The story of a red knot known as the Moonbird -- because researchers figure he has flown the equivalent distance of all the way to the moon and partway back -- keeps getting more and more amazing.
The bird, also known as B95, the designation on a leg tag he wears, was spotted earlier today in Canada.
"This just in: B95 seen 30 minutes ago!!!!!!" announced Charles Duncan, director of the Shorebird Recovery Project for the Manomet Center for Conservation Sciences.
He passed along a brief email from Canadian researcher Yves Aubry: "Hi guys and shorebird enthusiasts. Yann Rochepault just located (13h45 EAH) our now super-athlete B95 on Quarry Island. He was among a group of a few hundreds other ked Knots. Our bird seems to have adopted the Mingan islands archipelago as stop-over site on its way to Tierra del Fuego. B95 was first reported from Mingan archipelago in 2006 and was seen almost every year."
The bird has had statues built in its honor and even has a biographer, Phillip Hoose, a Nature Conservancy staffer in Maine who wrote "Moonbird: A Year on the Wind with the Great Survivor B95," was beyond excited. "This means he made it through another breeding season in the Arctic, and, given the date, it means he’s probably a dad once again," he said in an email. "Now those are genes worth having!"
Red knots are small shorebirds -- about the size of a robin -- that have one of the longest migrations on the planet, from the tip of South America to their breeding grounds in the Arctic. Every spring, on their way north, they stop at Delaware Bay for a crucial refueling. They have about two weeks to double their body weight -- by eating horseshoe crab eggs. In one of those elegant moments of nature, the crabs are coming ashore to lay their eggs jsut as the birds are arriving.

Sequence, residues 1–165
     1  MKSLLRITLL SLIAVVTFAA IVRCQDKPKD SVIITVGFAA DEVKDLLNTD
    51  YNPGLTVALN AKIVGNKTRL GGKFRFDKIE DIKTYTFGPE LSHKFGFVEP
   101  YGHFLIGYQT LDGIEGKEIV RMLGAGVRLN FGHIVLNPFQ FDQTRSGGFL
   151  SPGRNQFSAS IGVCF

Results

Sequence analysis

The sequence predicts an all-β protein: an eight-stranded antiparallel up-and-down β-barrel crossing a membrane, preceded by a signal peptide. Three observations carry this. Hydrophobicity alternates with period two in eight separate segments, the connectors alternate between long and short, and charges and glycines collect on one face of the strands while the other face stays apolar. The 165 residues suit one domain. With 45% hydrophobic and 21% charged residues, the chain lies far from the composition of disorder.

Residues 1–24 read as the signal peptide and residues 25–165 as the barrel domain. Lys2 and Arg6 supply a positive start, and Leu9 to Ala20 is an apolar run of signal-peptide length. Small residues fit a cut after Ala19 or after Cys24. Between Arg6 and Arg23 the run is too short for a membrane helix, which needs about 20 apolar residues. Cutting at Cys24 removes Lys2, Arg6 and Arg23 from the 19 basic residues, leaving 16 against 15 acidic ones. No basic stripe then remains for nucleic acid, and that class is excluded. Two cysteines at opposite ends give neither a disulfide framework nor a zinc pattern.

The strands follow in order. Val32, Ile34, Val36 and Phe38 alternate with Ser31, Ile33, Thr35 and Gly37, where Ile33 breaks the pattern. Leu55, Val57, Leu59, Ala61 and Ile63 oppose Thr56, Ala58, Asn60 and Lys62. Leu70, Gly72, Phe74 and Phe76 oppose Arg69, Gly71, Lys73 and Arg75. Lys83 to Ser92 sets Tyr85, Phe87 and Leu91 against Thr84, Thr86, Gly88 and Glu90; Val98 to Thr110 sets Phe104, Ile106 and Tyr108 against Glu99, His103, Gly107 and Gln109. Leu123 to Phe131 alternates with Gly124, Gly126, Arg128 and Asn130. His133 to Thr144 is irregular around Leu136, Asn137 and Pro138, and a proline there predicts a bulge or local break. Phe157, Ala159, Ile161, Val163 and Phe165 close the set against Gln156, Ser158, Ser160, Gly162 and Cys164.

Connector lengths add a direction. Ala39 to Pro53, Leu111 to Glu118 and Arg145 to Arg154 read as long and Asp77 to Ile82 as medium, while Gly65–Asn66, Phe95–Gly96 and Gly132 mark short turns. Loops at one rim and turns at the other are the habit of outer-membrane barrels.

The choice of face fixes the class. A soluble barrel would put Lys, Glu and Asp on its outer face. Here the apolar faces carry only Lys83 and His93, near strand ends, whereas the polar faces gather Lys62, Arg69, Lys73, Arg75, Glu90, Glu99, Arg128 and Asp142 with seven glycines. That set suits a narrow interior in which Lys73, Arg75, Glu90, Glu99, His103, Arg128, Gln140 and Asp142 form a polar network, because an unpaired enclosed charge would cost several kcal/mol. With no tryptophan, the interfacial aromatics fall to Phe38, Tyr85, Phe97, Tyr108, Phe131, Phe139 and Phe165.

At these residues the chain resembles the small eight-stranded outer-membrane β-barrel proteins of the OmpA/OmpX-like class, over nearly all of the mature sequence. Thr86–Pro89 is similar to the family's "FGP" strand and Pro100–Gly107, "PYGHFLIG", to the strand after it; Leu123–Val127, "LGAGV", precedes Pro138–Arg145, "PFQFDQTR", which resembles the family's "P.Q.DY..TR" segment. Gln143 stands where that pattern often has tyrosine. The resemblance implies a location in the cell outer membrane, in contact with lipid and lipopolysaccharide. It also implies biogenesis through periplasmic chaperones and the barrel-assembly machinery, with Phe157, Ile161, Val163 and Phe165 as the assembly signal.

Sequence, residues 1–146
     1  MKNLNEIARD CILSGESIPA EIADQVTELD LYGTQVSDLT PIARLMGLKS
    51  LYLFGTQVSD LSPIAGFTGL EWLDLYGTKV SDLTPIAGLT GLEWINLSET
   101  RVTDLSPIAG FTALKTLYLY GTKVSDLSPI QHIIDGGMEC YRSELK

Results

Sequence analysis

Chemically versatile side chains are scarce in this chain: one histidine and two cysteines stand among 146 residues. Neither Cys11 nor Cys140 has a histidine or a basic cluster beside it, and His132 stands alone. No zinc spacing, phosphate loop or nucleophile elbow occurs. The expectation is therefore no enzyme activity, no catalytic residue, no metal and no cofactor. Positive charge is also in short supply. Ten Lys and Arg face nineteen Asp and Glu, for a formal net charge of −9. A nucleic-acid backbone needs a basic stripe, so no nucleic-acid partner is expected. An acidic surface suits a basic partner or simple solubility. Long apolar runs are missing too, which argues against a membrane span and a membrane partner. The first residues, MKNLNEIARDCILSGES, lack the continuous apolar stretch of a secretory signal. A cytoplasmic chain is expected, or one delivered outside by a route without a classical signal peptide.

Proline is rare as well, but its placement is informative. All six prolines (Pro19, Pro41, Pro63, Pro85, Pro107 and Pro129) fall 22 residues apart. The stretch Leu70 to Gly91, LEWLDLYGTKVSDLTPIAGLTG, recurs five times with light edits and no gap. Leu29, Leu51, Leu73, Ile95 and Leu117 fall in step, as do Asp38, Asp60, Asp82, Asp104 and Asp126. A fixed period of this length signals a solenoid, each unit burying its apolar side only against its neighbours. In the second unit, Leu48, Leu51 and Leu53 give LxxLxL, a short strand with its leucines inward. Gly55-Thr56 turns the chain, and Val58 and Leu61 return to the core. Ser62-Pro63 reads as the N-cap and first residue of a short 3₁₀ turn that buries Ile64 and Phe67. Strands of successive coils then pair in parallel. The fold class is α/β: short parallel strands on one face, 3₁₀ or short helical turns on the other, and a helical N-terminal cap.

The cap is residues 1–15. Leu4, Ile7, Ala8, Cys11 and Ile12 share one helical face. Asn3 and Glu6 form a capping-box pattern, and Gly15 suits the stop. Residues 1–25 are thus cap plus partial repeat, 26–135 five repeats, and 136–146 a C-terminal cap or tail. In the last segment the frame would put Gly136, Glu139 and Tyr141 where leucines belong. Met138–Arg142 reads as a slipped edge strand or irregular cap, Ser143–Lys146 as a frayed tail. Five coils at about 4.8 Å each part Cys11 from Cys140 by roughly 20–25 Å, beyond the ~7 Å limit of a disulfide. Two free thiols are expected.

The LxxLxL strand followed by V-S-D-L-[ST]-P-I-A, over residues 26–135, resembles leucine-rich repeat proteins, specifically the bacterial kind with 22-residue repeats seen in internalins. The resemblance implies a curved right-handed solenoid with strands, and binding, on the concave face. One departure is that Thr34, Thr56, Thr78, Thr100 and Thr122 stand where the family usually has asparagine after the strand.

The birds have declined precipitously -- due to a shortage of crab eggs becaues of overharvesting, biologists say -- but seem to have rebounded somewhat, now that there are limits on the harvest. Horseshoe crabs are used as bait to catch whelk and eel, Asian delicacies.
B95 is at least 20 years old, biologists figure. He's the oldest red knot they know of. And every time they see him, they regretfully acknowledge it might be their last. He hadn't been seen for a while when, last spring on Delaware Bay, he was spotted several times. One of the spotters was Rochepaul. And a colleague, Christophe Buidin, got a photo.
After breeding in the Arctic, many red knots stop at the Mingan archipelago at the mouth of the St. Lawrence River in northern Quebec. Researchers are often waiting for them, hoping to spot known birds and glean data about survivorship and other important clues about the red knot population.
It is known as "a bellwether site -- the first indicator of trends," wrote Hoose. "The knots that fly into Mingan offer the year's first clue as to whether the ... breeding season has been a success, a disaster, or something in between."
Seeing B95 -- yet again -- is another chapter in a dramatic, heartwarming tale.
"Amazing how this 4-ounce bit of the universe spreads joy throughout the hemisphere," Hoose said.